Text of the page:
I had just moved to New York when I conceived the idea, and it was September of 2001. It was literally two weeks before 9/11, and I sort of had to reevaluate my whole life in the light of what had happened. I was walking around New York and I was looking at the “missing” posters and the ashes and the sights of the city and was sort of grief-stricken. And I really did think, “Well, this is why we have superheroes, isn’t it? We imagine people out there with greater powers who can rescue us from things that seem impossible to fight off.” It sort of made me start thinking about superheroes and how they work, and then thinking about writing my own superhero story. But one of the things I definitely wanted to incorporate was that superheroes have super powers, and there’s an old quote that says, “Sufficiently advanced technology is akin to magic.” So I said, what about a race of people who are tasked with protecting us, but they are people – they are hurt and they get injured and they get bloody and bruised and they die young and they sacrifice themselves, and this is not such a fun job. It is tough to be a Shadowhunter – it is really hard. And then what if I take a completely ordinary girl and throw her into the mix of that. She’s being told, “Look, you have to become Superman, but without any of his powers.” How does that go?
What parts of the series’ mythology did you know would have to be condensed or altered to fit into a film?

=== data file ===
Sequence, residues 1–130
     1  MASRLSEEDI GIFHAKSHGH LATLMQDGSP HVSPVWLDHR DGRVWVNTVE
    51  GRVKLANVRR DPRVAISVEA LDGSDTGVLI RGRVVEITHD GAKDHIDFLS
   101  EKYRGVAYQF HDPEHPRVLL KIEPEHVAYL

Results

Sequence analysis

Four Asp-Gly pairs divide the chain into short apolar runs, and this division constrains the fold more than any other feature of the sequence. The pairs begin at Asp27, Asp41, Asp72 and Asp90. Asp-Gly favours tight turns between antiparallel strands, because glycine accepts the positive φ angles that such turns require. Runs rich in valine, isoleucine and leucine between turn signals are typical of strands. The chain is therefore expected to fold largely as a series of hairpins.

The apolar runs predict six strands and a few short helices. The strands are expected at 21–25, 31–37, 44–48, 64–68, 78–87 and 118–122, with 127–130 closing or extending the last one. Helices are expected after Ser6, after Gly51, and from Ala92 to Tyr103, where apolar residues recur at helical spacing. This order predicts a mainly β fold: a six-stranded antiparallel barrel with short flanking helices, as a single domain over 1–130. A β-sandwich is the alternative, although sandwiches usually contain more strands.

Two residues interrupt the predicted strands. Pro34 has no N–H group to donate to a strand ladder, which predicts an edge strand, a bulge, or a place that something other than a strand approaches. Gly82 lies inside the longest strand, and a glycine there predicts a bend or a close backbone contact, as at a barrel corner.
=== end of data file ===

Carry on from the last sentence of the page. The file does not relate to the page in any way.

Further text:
Backstory, mostly. There’s a huge backstory. I mean, whenever people do the “What is it, Twilight meets The Hunger Games?” The this or that, and I guess it’s sort of like Harry Potter meets Game of Thrones – that’s the weirdest comparison. It’s a hero story, but it has a huge backdrop of backstory of millions of characters and an incredibly complicated magical system – and I knew that a lot of that was going to have to be condensed down. Because how do you introduce that much mythology without people kind of going into information overload? So the backstory is definitely trimmed down, and hopefully going forward, God willing, they’ll make more movies and they’ll be able to kind of introduce it more in increments. But I think that was the thing that I knew was going to have to be drastically reduced.
There’s still plenty more at the link. [Spinoff Online]
Here’s a promo for the season finale, “Radioactive.”
Deborah Ann Woll discusses the consequences for her character Jessica and others who drank Bill’s blood: